Starbuck Valley Winter



Starbuck Valley Winter

by Roderick Haig-Brown

Age: 10 +

Interests: hunting, wilderness survival, winter survival, animals, canoeing, Canada, British Columbia

Harbour Publishing: 1944

272 pp.

By the same author: (the sequel to this book) Saltwater Summer

Don Morgan is 16 and itching to get out on his own to make a living in the woods. His aunt and uncle want him to spend the winter working in the local fish cannery, but he’d rather go into the back country with his best friend Tubby and trap marten all winter. Since Don is impressively responsible and sensible, as well as being a skilful hunter and woodsman, the grownups are soon convinced and the two boys set out on their adventure. Things don’t go as well as planned, at first. The traplines aren’t yielding results, and the boys are suspicious of their nearest neighbour Lee Jetson, who once killed a man, according to the gossip back in town.  When Tubby has an accident Don must make some serious plans to get him home, and is surprised when Jetson comes to his aid. Through this and further adventures Don shows his responsibility and good sense at all times, and has a very successful season in the bush.

The story of another era in the Canadian woods, this yarn should delight anyone who is interested in wilderness survival and/or hunting and trapping. Of course this book isn’t about sport or trophy hunting, but about hunting to stay alive and make a living. Don has been taught by his uncle only to take what is needed, and to do it sustainably, with an eye to future seasons. Don’s love of the land, and the incredible beauty of the wilderness settings are vividly described, and one can fully understand his desire to explore the most remote regions of B.C.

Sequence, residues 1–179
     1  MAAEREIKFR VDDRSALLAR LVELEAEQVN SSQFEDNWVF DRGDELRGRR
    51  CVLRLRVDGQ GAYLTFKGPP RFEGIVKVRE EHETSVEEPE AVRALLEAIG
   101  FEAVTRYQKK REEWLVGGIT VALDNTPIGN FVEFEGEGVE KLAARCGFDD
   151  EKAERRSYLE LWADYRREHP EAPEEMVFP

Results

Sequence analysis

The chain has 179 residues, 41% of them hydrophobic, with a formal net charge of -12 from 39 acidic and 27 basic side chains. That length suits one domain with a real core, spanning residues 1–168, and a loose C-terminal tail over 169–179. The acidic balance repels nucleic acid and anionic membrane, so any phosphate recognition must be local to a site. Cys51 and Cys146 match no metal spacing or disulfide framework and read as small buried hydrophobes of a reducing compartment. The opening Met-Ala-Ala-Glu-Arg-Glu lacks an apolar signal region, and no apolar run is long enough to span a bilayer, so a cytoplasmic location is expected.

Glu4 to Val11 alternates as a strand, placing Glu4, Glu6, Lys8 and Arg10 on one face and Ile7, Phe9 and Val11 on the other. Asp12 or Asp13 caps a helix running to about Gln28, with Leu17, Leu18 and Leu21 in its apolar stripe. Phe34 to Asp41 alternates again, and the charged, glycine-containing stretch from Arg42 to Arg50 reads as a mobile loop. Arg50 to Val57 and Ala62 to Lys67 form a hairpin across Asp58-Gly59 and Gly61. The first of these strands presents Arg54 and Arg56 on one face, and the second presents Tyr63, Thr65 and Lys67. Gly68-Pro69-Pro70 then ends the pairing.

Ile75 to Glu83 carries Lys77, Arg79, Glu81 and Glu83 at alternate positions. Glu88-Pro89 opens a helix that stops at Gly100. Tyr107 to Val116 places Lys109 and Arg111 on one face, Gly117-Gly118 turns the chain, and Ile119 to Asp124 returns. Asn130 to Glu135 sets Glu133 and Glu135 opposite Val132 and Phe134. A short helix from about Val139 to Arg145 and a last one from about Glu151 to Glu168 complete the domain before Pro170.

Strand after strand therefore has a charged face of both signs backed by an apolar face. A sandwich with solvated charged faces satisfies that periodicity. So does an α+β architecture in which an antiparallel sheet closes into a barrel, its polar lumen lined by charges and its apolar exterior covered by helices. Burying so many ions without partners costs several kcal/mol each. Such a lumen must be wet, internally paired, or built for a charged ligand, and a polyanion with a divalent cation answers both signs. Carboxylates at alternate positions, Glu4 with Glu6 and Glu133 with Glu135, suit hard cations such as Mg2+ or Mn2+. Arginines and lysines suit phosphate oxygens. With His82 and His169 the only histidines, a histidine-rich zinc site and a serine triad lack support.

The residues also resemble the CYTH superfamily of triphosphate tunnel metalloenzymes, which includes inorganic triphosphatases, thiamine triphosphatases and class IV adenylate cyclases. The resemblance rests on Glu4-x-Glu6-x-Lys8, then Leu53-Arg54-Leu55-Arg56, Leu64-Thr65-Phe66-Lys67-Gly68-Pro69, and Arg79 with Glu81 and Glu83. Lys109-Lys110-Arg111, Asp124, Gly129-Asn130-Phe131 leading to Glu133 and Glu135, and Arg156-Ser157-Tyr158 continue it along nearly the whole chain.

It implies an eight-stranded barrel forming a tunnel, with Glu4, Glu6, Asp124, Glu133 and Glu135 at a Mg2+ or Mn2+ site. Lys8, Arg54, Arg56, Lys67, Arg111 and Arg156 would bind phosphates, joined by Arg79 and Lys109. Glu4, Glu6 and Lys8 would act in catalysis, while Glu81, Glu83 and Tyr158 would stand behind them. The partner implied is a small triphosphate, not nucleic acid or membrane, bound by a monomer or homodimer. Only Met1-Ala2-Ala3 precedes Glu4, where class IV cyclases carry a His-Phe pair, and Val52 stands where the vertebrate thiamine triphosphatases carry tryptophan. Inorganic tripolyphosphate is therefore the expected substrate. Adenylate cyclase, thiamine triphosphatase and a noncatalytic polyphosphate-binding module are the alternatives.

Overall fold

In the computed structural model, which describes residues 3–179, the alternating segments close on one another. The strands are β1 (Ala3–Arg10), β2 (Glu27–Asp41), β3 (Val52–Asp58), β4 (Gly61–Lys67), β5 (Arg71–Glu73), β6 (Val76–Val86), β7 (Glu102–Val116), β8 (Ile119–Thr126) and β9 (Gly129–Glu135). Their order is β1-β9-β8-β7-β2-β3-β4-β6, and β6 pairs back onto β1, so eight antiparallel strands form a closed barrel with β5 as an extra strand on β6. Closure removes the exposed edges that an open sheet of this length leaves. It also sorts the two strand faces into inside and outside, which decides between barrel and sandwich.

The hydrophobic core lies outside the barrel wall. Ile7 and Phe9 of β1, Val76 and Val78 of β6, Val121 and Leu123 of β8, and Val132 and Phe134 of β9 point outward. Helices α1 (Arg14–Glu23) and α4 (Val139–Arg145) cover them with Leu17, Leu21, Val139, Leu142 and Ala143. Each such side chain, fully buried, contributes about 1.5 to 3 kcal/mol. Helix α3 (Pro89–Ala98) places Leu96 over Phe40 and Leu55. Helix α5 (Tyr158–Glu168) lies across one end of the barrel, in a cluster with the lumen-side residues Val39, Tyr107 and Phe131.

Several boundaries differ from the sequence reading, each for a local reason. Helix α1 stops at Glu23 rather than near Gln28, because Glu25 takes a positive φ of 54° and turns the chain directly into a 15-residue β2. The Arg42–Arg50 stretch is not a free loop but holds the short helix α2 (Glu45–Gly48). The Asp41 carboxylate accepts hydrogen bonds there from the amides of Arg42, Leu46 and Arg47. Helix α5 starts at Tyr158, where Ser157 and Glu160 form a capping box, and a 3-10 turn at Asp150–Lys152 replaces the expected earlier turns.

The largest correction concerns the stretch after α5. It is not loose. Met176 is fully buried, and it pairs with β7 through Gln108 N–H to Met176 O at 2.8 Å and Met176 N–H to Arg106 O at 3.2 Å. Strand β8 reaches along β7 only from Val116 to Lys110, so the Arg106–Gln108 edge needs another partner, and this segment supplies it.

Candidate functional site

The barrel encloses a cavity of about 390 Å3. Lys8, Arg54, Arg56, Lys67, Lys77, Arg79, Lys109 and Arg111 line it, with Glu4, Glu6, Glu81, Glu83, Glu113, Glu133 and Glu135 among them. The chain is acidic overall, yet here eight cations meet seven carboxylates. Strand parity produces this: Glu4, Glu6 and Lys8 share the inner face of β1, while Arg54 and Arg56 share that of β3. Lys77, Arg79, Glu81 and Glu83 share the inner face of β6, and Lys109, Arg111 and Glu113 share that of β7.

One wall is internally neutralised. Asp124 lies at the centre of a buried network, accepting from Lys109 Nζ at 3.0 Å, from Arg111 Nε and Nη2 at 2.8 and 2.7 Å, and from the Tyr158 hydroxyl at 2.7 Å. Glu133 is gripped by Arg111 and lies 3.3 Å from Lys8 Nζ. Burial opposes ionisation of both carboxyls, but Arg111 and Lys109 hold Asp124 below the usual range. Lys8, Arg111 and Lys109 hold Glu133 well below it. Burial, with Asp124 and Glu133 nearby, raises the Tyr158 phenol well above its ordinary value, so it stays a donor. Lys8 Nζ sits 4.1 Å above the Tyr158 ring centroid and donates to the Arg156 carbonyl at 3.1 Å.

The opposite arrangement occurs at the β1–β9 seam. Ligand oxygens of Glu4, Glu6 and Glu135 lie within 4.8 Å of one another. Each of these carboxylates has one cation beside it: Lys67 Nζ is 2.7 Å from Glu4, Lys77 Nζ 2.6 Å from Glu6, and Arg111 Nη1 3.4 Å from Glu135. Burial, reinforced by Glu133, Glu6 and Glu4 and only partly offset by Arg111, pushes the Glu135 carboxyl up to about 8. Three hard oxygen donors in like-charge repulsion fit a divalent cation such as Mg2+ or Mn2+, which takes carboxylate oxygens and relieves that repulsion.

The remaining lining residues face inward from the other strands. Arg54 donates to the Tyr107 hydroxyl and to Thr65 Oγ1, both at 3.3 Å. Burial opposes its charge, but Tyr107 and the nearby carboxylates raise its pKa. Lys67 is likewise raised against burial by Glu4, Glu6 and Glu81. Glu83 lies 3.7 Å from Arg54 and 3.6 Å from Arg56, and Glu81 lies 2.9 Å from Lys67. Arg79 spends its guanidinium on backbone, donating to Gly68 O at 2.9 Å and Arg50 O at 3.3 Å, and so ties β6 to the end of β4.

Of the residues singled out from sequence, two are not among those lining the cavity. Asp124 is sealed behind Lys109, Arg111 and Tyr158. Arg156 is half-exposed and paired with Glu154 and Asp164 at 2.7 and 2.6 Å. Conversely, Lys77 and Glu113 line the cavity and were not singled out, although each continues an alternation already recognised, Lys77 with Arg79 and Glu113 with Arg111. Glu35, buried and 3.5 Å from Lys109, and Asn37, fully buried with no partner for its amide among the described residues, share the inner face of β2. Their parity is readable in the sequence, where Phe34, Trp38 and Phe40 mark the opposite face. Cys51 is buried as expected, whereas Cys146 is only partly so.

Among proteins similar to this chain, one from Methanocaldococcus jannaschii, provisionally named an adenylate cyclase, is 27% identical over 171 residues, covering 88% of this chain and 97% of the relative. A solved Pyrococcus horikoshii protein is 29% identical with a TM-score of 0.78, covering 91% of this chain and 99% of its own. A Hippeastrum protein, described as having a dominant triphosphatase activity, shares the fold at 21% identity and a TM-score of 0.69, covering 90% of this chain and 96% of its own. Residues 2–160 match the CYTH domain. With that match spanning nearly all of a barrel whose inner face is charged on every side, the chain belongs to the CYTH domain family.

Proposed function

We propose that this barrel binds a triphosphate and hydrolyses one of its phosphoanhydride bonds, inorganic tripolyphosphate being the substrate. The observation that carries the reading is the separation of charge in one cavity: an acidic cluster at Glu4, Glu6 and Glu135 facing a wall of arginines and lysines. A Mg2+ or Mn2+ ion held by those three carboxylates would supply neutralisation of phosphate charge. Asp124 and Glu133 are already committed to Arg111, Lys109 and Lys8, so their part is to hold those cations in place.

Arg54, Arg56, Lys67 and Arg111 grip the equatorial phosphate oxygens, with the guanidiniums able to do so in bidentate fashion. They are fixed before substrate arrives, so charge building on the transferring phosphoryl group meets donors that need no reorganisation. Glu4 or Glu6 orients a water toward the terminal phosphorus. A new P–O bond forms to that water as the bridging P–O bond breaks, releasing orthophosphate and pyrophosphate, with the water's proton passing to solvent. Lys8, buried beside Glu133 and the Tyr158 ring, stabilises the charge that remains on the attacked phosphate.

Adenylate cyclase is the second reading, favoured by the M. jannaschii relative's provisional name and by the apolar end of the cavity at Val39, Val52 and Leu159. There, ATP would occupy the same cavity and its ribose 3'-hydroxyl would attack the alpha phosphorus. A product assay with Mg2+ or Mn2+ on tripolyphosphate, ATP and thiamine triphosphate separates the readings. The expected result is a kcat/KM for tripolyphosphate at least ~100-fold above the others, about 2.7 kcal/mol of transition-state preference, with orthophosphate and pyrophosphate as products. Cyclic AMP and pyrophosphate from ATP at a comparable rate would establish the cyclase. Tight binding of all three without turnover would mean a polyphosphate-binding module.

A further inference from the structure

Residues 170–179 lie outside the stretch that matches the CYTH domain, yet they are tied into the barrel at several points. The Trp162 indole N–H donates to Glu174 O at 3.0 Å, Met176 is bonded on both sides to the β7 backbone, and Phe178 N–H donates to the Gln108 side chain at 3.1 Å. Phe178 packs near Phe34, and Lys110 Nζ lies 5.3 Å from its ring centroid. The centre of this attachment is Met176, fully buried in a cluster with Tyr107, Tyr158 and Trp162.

Don is extremely mature in his abilities and knowledge, in fact he sometimes seems too stiff a character, he’s so ridiculously capable for a sixteen-year-old. Happily though, the author reveals Don’s interior thoughts, where he still has the passions, wild schemes, confusion and self-doubt of a typical teenager. Don’s most difficult challenges aren’t physical but mental, as he must make life-and-death decisions: how to best help his injured friend, and whether or not he should trust the shifty Lee Jetson. The biggest reason Don has for venturing into the bush is that he simply wants to live his own life in his own way, which should speak to teens of any era and situation.

This is a realistic tale, not crammed full of high action but rather more measured and sensible. Don’s daily chores and mundane tasks are related alongside the more exciting run-ins with cougars and wolves; we see him building a water wheel for his aunt and uncle, gearing up for his trek, and repairing the wreck of a cabin. The story may seem a little tame to modern readers, but there’s still much to enjoy here. Starbuck Valley Winter is a well-written, engaging read for anyone interested in wilderness survival and hunting.

(this title available at


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All writings posted here are © Kim Thompson, unless otherwise indicated. For all artwork on this site, copyright is retained by the artist.
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